The controversial Chinese scientist, who created world's first gene-edited babies in 2018 and 2019 and was jailed for three years, has come out in the open, saying the genetically-edited children are living happily with their parents.
In an interview with The South China Morning Post, He Jiankui said they have a normal, peaceful, and undisturbed life.
"This is their wish and we should respect them. The happiness of the children and their families should come first," Hu was quoted as saying in the report.
Asked if he worried about the children's future, the scientist said: "You will have high expectations of them, but you also have huge unease."
In December 2019, a Chinese court sentenced Jiankui to three years in prison for violating medical regulations by using a gene-editing tool called 'CRISPR-Cas9'.
In 2018, Hu stunned the world when he announced that he had created two genetically modified twin girls, nicknamed Lulu and Nana.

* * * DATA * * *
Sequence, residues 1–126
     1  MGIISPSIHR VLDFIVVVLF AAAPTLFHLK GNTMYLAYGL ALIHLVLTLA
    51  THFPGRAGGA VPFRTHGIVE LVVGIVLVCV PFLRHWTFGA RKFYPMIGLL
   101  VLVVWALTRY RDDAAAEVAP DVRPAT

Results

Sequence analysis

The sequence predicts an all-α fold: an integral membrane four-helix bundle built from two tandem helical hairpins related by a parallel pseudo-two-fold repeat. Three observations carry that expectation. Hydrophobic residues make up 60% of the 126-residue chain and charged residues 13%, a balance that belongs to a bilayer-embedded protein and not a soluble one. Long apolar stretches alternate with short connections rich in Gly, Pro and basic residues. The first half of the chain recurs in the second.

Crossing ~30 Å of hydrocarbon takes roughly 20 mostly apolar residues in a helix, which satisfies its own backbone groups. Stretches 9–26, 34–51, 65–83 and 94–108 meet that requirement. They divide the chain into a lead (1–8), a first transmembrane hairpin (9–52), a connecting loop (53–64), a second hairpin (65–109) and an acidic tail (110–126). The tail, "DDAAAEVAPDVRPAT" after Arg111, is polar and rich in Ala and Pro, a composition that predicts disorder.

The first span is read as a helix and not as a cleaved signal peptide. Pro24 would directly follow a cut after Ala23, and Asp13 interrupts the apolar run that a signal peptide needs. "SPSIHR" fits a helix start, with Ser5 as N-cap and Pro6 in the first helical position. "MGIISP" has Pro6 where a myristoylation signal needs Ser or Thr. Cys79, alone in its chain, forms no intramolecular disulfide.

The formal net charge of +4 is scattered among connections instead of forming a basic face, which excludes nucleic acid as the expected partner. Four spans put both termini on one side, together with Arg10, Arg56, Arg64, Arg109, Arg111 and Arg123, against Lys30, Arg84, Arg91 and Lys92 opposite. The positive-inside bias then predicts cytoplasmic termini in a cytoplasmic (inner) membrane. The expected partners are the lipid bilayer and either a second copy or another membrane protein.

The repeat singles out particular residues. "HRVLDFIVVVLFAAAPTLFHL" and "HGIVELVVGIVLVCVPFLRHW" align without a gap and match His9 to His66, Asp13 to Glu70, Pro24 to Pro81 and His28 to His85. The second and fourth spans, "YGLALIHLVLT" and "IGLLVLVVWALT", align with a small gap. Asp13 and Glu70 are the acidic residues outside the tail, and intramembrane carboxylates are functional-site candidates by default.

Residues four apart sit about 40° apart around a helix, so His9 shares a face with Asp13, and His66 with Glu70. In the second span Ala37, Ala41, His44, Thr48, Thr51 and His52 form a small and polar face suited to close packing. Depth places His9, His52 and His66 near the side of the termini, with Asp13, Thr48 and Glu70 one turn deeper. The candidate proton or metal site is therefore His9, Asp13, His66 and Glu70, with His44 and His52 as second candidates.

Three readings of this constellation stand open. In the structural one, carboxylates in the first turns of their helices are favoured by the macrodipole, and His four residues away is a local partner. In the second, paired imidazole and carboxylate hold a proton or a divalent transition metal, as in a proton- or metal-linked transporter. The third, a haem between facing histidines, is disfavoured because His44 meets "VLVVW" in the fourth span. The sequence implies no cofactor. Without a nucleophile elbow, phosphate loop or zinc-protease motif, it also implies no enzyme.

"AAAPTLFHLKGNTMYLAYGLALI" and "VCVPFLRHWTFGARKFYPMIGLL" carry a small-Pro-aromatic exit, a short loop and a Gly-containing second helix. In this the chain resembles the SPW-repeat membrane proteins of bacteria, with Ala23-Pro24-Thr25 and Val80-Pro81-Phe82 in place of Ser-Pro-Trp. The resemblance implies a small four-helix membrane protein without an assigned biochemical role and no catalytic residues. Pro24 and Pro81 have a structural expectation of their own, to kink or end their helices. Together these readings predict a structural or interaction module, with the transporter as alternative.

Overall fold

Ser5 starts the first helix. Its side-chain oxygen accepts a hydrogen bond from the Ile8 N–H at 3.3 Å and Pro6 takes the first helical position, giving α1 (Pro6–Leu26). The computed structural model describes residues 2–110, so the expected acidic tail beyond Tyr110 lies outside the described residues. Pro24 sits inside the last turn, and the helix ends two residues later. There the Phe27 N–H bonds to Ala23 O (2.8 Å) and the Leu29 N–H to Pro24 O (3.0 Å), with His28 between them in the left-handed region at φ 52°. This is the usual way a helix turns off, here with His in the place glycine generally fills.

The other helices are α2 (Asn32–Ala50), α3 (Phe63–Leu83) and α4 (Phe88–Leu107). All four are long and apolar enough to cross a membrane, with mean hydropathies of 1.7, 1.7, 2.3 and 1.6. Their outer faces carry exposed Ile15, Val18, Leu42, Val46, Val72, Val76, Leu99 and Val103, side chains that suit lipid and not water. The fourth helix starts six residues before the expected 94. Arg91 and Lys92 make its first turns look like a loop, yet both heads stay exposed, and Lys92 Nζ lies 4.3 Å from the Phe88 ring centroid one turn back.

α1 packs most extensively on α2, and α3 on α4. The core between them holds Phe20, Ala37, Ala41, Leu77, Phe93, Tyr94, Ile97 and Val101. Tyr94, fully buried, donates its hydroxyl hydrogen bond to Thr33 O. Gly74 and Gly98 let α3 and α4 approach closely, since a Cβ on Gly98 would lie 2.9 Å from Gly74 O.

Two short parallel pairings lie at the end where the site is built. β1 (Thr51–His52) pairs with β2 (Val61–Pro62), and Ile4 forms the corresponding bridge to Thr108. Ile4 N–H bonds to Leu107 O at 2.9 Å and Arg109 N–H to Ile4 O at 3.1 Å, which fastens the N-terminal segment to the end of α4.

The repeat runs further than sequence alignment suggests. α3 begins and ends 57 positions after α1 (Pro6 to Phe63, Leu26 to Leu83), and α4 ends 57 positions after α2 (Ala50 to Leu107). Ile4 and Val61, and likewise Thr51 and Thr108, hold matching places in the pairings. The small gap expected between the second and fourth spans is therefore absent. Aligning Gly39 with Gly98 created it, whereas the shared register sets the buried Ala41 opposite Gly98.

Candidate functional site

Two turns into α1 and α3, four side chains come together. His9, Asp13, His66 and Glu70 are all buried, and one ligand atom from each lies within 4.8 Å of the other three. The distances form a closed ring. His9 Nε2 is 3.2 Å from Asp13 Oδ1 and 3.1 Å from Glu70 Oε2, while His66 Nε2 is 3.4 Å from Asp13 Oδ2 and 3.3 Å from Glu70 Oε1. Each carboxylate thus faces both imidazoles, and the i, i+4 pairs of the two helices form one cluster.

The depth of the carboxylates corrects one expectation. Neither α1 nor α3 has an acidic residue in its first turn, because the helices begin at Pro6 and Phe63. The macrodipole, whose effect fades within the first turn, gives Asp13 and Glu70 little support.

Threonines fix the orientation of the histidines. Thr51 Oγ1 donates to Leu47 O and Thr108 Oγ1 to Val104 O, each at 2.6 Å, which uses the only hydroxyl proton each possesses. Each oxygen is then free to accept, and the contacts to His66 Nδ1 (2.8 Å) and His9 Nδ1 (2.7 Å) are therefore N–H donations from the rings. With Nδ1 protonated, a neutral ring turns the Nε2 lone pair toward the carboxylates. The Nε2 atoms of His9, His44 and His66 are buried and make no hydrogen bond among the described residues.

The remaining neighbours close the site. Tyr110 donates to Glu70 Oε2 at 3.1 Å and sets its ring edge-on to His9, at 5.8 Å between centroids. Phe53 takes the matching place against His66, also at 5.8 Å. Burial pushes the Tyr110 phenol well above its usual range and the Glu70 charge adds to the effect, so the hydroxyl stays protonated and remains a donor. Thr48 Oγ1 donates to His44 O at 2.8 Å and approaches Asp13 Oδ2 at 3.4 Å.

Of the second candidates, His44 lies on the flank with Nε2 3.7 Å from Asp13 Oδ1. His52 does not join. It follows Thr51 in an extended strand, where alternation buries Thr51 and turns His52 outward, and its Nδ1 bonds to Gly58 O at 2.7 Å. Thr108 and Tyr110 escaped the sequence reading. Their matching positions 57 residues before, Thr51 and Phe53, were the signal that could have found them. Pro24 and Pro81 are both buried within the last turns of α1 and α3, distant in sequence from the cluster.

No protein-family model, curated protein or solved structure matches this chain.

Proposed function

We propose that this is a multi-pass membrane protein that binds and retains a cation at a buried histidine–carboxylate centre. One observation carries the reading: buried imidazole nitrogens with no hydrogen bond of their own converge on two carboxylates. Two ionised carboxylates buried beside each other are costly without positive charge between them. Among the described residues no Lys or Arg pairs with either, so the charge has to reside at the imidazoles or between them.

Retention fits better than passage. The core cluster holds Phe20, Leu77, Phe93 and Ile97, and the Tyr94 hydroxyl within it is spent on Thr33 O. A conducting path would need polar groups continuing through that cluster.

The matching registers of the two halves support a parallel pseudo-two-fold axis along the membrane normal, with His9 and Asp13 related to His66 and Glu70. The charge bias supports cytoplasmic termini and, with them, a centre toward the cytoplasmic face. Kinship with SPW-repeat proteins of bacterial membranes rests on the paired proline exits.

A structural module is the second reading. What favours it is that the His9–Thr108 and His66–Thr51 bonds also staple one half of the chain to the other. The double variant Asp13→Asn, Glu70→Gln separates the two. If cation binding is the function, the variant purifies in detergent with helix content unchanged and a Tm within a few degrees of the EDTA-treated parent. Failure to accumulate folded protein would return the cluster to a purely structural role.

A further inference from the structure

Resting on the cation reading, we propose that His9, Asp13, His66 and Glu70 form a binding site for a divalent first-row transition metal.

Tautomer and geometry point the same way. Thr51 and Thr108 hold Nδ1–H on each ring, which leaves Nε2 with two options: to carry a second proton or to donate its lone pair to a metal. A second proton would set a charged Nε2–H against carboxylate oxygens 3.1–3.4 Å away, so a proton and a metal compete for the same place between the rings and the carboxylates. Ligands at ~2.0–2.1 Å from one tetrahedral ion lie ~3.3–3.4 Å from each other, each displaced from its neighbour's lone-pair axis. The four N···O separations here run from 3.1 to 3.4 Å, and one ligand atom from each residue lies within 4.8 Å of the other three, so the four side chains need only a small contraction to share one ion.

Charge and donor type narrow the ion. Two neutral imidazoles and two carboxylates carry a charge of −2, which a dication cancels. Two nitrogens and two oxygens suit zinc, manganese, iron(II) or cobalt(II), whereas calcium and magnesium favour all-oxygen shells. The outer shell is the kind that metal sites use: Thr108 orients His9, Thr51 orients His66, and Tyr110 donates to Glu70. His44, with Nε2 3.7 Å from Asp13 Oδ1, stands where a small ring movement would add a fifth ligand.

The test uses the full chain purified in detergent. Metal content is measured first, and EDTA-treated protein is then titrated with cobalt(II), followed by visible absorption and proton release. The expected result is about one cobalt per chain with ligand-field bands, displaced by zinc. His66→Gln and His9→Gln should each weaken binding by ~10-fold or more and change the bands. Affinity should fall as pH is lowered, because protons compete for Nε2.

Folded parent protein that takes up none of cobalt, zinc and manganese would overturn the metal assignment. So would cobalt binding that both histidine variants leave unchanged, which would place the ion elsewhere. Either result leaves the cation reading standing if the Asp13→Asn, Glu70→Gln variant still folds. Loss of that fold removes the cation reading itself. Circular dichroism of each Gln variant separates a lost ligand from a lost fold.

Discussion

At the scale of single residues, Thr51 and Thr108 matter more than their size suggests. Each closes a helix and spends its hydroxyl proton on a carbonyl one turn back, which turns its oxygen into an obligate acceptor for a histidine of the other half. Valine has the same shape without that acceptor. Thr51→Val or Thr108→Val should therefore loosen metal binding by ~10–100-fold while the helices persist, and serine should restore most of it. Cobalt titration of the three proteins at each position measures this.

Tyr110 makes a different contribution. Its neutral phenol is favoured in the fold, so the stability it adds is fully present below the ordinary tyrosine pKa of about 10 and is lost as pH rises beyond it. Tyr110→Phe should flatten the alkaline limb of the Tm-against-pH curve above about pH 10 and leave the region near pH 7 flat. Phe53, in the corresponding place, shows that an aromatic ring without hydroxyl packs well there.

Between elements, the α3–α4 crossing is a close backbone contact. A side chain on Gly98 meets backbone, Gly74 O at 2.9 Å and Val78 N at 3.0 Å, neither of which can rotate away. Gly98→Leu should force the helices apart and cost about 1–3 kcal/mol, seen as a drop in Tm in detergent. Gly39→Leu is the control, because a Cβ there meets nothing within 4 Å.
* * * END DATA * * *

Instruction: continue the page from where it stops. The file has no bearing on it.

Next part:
A third child, Amy, was born the following year, also in China.
He used the gene-editing tool CRISPR-Cas9 to rewrite the CCR5 gene, which is known to confer resistance to HIV because of a genetic mutation.
"After the age of 18, the children will decide whether to do medical follow-ups for their individual needs. We committed to doing this for their lifetimes," the scientist told the publication.
He now wants to set up a charitable foundation to raise money and cover health-related expenses for the three children.
The scientist has been invited to visit the University of Oxford next month to give talks about the use of CRISPR gene-editing technology in reproductive medicine.
He has set up a new laboratory in Beijing to work on affordable gene therapies for rare genetic diseases, said the report.
His experiments, which were carried out on seven embryos in late 2018, had sent shockwaves through the medical and scientific world.